Create an outline: Map out the rough structure of your essay in an outline. This makes it easier to start writing and keeps you on track as you go.
The introduction sets the tone for your essay. It should grab the reader`s interest and inform them of what to expect. The introduction generally comprises 10–20% of the text.
That idea is introduced in a topic sentence. The topic sentence should generally lead on from the previous paragraph and introduce the point to be made in this paragraph. Transition words can be used to create clear connections between sentences.
Some students react to the time pressure of essay exams by scribbling down their introduction as soon as they`ve read the question and figuring out their points as they go. While it might seem counter-intuitive, taking five or ten minutes before you start writing in order to draw up a plan will be an enormous time saver.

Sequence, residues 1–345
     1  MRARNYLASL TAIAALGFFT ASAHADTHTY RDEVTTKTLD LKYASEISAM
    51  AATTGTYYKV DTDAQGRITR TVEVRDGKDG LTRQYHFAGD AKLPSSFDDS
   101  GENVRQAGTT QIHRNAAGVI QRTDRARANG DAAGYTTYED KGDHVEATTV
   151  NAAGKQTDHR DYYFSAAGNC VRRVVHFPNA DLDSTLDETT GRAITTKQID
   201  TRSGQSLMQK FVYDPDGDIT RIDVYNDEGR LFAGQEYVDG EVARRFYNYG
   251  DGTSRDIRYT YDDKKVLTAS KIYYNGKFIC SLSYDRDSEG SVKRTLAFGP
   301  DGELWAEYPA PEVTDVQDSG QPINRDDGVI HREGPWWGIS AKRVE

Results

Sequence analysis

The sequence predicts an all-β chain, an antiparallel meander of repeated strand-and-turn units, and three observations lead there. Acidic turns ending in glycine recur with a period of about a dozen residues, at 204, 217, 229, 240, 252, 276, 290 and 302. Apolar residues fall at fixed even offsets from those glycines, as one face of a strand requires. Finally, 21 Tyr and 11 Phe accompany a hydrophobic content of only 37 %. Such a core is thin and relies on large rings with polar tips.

After the topic sentence, present evidence such as data, examples, or quotes from relevant sources. Be sure to interpret and explain the evidence, and show how it helps develop your overall argument.
On the topic of planning, it`s important to sketch out an idea of how long you want to spend on each section of your essay. If you know the number of paragraphs you`ll need to write ahead of time, you can do this before the exam even starts!